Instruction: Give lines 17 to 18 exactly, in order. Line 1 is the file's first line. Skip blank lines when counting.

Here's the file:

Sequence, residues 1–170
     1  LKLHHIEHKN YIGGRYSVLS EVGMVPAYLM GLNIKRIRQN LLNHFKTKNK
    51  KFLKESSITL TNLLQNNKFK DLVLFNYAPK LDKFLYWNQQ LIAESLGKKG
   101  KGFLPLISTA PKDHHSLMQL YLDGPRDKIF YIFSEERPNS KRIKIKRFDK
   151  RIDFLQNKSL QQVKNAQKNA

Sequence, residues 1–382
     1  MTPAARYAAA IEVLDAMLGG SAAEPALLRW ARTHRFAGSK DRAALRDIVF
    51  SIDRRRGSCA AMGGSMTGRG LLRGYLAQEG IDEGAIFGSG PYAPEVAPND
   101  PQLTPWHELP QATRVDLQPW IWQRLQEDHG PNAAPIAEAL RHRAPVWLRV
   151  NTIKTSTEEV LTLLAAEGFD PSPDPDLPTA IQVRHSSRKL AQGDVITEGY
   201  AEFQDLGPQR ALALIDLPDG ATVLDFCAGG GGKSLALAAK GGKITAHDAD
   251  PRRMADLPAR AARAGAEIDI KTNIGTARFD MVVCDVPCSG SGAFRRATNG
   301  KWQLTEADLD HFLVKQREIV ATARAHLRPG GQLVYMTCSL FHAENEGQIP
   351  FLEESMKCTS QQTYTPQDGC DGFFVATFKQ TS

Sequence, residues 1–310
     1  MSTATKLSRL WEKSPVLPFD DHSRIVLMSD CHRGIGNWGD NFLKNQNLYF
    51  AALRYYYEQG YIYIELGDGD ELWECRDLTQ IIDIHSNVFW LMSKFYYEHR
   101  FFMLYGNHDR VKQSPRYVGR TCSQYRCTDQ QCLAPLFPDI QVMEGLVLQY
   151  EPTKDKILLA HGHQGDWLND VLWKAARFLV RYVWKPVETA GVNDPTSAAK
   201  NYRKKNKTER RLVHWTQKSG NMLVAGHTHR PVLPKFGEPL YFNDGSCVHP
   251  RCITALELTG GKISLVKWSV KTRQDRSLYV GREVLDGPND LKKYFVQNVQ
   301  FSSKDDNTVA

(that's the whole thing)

    51  AALRYYYEQG YIYIELGDGD ELWECRDLTQ IIDIHSNVFW LMSKFYYEHR
   101  FFMLYGNHDR VKQSPRYVGR TCSQYRCTDQ QCLAPLFPDI QVMEGLVLQY